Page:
Early in the war, after the virtual destruction of the North Korean Air Force, U.S. Far East Air Force (FEAF) B-29 bombers carried out massive aerial attacks on transport centers and industrial hubs in North Korea. During this period, the official U.S. policy was to pursue precision bombing aimed at communication centers railroad yards and industrial facilities deemed vital to war-making capacity.
In early July 1950, General Emmett O’Donnell, Commander in Chief of Pacific Air Forces proposed to General Douglas MacArthur, Supreme Commander of Allied Powers, that the U.N. forces initiate firebombing methods such as those used against Japan toward the end of WWII.
MacArthur is said to have responded: “No… I’m not prepared to go that far yet. My instructions are very explicit; however, I want you to know that I have no compunction whatever to your bombing bona fide military objectives, with high explosives, in major industrial centers. If you miss your target and kill people or destroy other parts of the city, I accept that as a part of war.”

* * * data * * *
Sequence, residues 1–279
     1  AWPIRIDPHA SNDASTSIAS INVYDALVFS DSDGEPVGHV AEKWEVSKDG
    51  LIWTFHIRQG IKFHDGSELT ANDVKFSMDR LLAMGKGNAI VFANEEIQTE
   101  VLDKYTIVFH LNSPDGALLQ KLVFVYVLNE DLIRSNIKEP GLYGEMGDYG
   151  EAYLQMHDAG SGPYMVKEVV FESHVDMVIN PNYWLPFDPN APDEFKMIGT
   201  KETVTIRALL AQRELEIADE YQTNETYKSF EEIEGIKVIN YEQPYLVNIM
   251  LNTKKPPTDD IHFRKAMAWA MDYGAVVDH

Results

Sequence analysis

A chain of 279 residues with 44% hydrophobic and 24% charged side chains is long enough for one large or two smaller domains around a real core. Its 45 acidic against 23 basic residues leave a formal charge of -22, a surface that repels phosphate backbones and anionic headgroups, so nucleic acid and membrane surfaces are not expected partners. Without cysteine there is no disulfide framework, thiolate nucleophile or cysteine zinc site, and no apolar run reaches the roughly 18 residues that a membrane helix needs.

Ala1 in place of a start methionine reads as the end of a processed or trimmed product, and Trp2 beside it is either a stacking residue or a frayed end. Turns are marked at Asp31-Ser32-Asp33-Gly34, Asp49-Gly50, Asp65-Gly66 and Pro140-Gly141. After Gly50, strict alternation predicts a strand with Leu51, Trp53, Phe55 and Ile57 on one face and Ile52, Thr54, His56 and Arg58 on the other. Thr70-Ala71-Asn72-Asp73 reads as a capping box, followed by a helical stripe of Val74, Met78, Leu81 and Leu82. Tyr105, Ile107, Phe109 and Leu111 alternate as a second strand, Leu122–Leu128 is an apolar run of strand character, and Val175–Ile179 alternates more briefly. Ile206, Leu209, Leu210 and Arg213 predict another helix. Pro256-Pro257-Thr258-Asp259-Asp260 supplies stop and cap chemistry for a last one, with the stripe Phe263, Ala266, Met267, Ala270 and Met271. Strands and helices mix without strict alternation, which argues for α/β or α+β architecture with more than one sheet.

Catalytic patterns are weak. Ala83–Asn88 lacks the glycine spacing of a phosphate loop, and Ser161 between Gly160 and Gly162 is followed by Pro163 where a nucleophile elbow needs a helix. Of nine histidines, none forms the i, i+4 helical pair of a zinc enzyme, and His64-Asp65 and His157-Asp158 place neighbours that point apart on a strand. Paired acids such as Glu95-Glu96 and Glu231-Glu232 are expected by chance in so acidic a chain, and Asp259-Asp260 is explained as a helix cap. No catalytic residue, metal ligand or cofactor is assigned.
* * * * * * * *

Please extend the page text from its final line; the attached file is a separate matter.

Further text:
In September 1950, MacArthur reported to the United Nations, “The problem of avoiding the killing of innocent civilians and damages to the civilian economy is continually present and given my personal attention.”
In October 1950, FEAF commander General George Stratemeyer requested permission to attack the city of Sinuiju, a provincial capital with an estimated population of 60,000, over the widest area of the city, without warning, by burning and high explosives. MacArthur’s headquarters responded the following day: “The general policy enunciated from Washington negates such an attack unless the military situation clearly requires it. Under present circumstances, this is not the case.”
Despite the official precision bombing policy of UN forces, North Korea reported extensive civilian casualties.
The apparent contradiction between a policy of precision bombing and reports of high civilian casualties might be explained by the very low accuracy of bombing.
According to a FEAF analysis, 209 bombs had to be dropped to reach an 80% likelihood of hitting a 20 by 500 foot target. Since many targets of the “precision” campaign were located in populated areas, high numbers of civilians were killed despite the policy of limited targeting.